You see, when Dan DeCarlo first met his wife, they found it difficult to communicate with each other using words. She was originally from France, and when they met, she couldn’t speak a word of English. So in order to communicate with her, he drew pictures for her, which immediately broke the ice. It was an ingenious idea that worked like a charm...but little did Dan’s wife know that she would become the inspiration for one of Dan’s finest creations!
After they had gotten married, the DeCarlo’s went on a cruise ship, and for whatever reason, Dan’s wife believed that it would be fun to bring along a costume to wear on the cruise. This costume ended up being a cat suit! I have no idea why she would bring a cat suit on the cruise or what the intention was, but I can only imagine. Whatever the reason, the costume inspired Dan to do some sketching, essentially sketching his wife wearing the costume. He thought nothing more of it until one day when his wife came home wearing a new hairstyle with a bow tied in it...and with that, Dan incorporated the hairstyle onto his new creation.
When it came time to naming his new character with the cat suit and hairstyle, no other name would have fit other than the woman who inspired the look in the first place.
And with that, the character of Josie McCoy was born, inspired by Dan DeCarlo’s wife, the late Josie Dumont DeCarlo.
Dan DeCarlo had intended to sell the creation to be used as a syndicated comic strip, but decided to focus solely on Willie Lumpkin instead of trying to do two comic strips at the same time. When Lumpkin was cancelled, DeCarlo tried to shop the comic strip again, but was turned down. However, Dan also had his job with Archie Comics by this point, and when he pitched the idea to take Josie and turn her into a comic book series to then Archie Comics head Richard Goldwater, he greenlighted the series, with a special preview of the comic book printed in Archie’s Pals N Gals #23.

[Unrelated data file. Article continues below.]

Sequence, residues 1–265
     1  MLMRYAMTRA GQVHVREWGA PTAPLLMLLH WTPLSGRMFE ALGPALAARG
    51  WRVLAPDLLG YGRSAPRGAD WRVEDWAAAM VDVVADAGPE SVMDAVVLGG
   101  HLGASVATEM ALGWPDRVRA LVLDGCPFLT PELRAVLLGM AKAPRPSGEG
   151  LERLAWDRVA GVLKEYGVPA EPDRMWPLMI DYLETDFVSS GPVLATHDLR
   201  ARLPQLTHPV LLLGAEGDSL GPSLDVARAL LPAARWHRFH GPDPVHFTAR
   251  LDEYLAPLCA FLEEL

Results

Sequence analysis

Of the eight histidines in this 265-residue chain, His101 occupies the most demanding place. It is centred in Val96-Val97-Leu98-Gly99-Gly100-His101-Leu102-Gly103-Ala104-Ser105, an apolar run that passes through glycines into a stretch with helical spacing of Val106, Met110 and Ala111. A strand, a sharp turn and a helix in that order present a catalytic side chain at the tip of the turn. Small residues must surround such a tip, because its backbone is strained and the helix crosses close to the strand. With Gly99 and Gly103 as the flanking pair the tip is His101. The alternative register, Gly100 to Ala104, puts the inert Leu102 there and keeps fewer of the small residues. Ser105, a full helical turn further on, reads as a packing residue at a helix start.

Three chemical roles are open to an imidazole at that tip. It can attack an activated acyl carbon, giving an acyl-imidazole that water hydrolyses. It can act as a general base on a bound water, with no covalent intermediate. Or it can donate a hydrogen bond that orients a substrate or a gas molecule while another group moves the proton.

A month later, the comic book series “She’s Josie” debuted in early 1963, where in addition to Josie, we met all of her friends, which included the following;
Melody – A beautiful, buxom blonde whose attractiveness can cause a 32-car pile-up in a matter of seconds. She has a sweet disposition, but also has the negative stereotype of being a “dumb blonde”.
Pepper – A glasses-wearing, short-haired girl who has brains by the ton, but often ends up being incredibly cynical.
Sock – Pepper’s boyfriend, who is strong in body, but not very bright.
Albert – Josie’s boyfriend, a real beatnik character
Alexander Cabot III and Alexandra Cabot – The Cabot twins who are rich in money, but have overinflated egos.
The series would undergo a name change in 1965, when the title was simplified to being “Josie”, but the plot lines would remain the same for the first six years of the title.
Well, that was until 1969, when major changes began to be made.
It was decided that the cat costume that Josie DeCarlo wore on that cruise ship would be incorporated into the storyline as Josie decided to form an all-girl band.
An all girl band named “Josie and the Pussycats”!
Before that could happen though, a shake-up was needed within the comic. For starters, some of the characters were removed from the series, never to be seen again. The birth of the Pussycats meant a permanent exile for Pepper, Albert, and Sock. Melody would remain with the series as the drummer for the Pussycats, and the Cabot twins would also be a huge part of the series.